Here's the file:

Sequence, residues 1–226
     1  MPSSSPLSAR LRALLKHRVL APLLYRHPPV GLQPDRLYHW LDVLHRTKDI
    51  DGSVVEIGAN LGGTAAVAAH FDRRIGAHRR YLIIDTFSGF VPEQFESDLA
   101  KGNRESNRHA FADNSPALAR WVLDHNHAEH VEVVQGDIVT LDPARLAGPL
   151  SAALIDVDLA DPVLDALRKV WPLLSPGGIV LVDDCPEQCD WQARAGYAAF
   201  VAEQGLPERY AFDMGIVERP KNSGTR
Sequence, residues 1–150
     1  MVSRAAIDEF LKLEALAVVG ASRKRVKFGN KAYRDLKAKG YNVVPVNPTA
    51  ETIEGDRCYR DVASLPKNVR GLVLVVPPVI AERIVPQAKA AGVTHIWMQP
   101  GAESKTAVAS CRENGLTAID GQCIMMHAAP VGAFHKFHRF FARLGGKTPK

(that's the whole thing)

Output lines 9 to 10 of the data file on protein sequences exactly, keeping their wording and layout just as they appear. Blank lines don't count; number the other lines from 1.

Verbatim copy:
    51  ETIEGDRCYR DVASLPKNVR GLVLVVPPVI AERIVPQAKA AGVTHIWMQP
   101  GAESKTAVAS CRENGLTAID GQCIMMHAAP VGAFHKFHRF FARLGGKTPK